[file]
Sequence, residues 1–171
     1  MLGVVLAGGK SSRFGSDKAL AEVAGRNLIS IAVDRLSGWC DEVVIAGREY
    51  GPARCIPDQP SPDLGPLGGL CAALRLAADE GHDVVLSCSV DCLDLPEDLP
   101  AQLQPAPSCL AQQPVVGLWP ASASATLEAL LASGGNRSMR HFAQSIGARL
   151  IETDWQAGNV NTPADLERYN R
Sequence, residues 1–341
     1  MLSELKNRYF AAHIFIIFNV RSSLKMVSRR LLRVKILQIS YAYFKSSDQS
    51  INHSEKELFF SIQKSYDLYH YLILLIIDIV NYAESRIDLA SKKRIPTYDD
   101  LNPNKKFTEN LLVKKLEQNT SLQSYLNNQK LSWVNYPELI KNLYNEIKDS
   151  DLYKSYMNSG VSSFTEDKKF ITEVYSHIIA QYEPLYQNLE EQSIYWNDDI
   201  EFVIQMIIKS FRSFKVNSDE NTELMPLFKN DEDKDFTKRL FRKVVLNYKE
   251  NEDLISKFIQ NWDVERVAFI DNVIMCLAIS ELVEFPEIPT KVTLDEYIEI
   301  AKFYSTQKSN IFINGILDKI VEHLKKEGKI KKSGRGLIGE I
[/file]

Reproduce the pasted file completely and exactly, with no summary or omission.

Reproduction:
Sequence, residues 1–171
     1  MLGVVLAGGK SSRFGSDKAL AEVAGRNLIS IAVDRLSGWC DEVVIAGREY
    51  GPARCIPDQP SPDLGPLGGL CAALRLAADE GHDVVLSCSV DCLDLPEDLP
   101  AQLQPAPSCL AQQPVVGLWP ASASATLEAL LASGGNRSMR HFAQSIGARL
   151  IETDWQAGNV NTPADLERYN R
Sequence, residues 1–341
     1  MLSELKNRYF AAHIFIIFNV RSSLKMVSRR LLRVKILQIS YAYFKSSDQS
    51  INHSEKELFF SIQKSYDLYH YLILLIIDIV NYAESRIDLA SKKRIPTYDD
   101  LNPNKKFTEN LLVKKLEQNT SLQSYLNNQK LSWVNYPELI KNLYNEIKDS
   151  DLYKSYMNSG VSSFTEDKKF ITEVYSHIIA QYEPLYQNLE EQSIYWNDDI
   201  EFVIQMIIKS FRSFKVNSDE NTELMPLFKN DEDKDFTKRL FRKVVLNYKE
   251  NEDLISKFIQ NWDVERVAFI DNVIMCLAIS ELVEFPEIPT KVTLDEYIEI
   301  AKFYSTQKSN IFINGILDKI VEHLKKEGKI KKSGRGLIGE I